FBI Director Christopher Wray said companies and organizations that are the victims of ransomware attacks should contact law enforcement quickly instead of paying to unlock their systems, Bloomberg reported.
Recent ransomware attacks have gone after bold targets, including critical services like gasoline and healthcare. A beef provider was also affected.
Those attacks have spurred debate on whether or not to pay ransom, according to Bloomberg. Ransom can often hit millions of dollars.
Meat producer JBS USA was one of those that paid the ransom, shelling out $11 million to hackers that disrupted its operations around North America.
And the Colonial Pipeline paid a $4.4 million, or 75 bitcoin, in ransom, to reopen its services after hacking group DarkSide locked it down.
Wray made his comments at a House Judiciary Committee hearing Thursday (June 10), Bloomberg reported.
At a separate hearing, two nominees for top cybersecurity jobs have echoed the same sentiments, saying they don’t think companies should pay ransom, according to Bloomberg.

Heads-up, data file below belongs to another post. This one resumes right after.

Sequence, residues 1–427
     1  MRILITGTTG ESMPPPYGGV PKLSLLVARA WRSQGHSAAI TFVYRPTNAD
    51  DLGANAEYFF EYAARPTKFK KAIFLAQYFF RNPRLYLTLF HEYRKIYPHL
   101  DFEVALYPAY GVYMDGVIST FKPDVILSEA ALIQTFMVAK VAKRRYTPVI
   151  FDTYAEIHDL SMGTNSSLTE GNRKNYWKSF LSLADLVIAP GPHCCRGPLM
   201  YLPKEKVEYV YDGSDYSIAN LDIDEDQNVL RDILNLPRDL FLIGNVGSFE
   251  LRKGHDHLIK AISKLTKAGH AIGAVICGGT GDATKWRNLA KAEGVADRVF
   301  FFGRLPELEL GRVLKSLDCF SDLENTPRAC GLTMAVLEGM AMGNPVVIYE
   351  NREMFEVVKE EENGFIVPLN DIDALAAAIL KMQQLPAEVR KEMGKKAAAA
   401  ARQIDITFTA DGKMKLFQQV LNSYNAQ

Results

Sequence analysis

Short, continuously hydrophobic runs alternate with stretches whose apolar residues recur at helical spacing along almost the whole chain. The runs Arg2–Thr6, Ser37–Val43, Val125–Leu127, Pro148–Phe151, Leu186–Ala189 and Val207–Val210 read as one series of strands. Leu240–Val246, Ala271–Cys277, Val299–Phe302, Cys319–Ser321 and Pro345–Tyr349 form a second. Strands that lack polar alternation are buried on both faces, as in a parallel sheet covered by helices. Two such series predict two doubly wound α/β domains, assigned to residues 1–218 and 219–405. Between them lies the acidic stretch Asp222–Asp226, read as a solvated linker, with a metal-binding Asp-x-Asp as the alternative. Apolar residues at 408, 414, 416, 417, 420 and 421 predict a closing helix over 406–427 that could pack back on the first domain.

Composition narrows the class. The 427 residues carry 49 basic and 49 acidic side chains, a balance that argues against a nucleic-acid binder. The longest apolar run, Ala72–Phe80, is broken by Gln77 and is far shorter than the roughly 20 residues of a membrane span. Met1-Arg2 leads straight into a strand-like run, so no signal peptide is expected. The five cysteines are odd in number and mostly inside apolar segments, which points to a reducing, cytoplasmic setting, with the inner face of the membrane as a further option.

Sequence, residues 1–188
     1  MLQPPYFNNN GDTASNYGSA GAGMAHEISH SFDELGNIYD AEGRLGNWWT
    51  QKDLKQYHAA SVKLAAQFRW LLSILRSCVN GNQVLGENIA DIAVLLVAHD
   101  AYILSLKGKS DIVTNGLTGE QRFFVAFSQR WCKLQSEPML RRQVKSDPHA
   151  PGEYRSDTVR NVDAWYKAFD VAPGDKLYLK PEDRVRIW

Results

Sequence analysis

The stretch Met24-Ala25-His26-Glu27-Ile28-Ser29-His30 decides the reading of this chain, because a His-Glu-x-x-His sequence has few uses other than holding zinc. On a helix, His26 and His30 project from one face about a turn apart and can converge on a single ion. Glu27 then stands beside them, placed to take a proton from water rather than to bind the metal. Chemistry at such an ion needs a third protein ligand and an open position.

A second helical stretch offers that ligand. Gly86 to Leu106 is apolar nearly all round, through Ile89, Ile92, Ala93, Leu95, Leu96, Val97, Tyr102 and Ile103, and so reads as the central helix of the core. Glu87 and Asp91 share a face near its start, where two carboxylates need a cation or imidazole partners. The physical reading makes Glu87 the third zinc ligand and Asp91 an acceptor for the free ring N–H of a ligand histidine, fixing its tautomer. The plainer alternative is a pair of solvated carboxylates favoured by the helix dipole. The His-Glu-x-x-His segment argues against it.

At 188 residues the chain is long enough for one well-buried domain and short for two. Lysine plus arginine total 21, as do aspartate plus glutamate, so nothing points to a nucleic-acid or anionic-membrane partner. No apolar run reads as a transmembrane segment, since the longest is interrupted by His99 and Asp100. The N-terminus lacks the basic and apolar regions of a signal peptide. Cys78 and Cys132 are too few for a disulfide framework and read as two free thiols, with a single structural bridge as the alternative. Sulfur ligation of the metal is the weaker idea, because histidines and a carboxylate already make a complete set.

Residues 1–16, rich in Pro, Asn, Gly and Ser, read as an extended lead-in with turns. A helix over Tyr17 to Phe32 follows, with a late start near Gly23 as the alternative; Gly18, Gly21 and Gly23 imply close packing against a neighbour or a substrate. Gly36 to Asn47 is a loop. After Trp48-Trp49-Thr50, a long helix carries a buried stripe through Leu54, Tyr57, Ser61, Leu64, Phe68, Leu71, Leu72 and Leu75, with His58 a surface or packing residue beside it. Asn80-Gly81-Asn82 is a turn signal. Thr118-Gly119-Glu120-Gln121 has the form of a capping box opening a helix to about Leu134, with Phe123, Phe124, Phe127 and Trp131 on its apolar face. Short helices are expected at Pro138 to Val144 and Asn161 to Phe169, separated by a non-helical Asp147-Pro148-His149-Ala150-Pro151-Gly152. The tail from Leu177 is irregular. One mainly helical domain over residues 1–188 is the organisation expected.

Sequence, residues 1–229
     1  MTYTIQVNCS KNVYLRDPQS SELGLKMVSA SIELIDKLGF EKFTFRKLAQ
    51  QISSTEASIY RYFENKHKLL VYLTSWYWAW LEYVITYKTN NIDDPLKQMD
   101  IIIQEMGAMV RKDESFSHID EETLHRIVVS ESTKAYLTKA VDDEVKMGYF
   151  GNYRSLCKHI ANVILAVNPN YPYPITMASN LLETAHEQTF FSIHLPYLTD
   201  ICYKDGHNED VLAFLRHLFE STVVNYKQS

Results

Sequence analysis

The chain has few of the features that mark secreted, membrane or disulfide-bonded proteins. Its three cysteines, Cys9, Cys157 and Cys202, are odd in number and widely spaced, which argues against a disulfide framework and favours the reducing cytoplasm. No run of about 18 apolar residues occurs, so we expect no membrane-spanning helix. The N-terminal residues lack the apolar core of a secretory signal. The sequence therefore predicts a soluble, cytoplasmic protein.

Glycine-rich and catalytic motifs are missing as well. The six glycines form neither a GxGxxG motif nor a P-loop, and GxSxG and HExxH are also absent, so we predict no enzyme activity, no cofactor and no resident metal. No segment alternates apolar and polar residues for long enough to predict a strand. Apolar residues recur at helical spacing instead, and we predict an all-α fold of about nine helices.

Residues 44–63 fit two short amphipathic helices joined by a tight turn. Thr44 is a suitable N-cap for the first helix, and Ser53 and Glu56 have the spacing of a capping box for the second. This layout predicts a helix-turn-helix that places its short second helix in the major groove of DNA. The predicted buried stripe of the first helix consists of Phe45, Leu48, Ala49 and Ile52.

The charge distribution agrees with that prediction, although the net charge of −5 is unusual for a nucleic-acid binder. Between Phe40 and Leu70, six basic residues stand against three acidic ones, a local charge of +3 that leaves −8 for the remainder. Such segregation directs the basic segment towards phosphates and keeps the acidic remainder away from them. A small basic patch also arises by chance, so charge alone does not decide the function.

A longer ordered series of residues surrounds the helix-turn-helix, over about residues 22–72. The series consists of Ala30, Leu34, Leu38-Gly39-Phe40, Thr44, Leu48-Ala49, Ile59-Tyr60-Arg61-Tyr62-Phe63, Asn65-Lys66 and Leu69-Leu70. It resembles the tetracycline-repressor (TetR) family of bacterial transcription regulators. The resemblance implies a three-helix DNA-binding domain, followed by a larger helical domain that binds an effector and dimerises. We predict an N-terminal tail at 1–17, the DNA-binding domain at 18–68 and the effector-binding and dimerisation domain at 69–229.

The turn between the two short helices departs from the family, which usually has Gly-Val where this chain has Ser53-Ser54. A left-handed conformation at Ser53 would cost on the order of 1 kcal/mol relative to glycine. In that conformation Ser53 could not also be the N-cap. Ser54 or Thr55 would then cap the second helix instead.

Chris Inglis, who President Joe Biden nominated to serve as national cyber director, said it isn’t appropriate to pay ransom, but sometimes it is the only necessary thing to do in order to save lives or bring back “critical capabilities,” Bloomberg reported.
Jen Easterly, who has been nominated to lead the Cybersecurity and Infrastructure Security Agency, said she thinks her role would entail making sure that companies don’t get put in that position in the first place, through providing information for the private sector to prevent hacking, according to Bloomberg. She added those practices haven’t necessarily been effective thus far when they were voluntary, so they might have to be made mandatory.
In the case of the Colonial Pipeline, the U.S. government has since recovered a large chunk of the ransom that had been paid.
That happened because of the traceability of bitcoin and other digital offerings, PYMNTS reported. Blockchain transactions are recorded on distributed ledgers.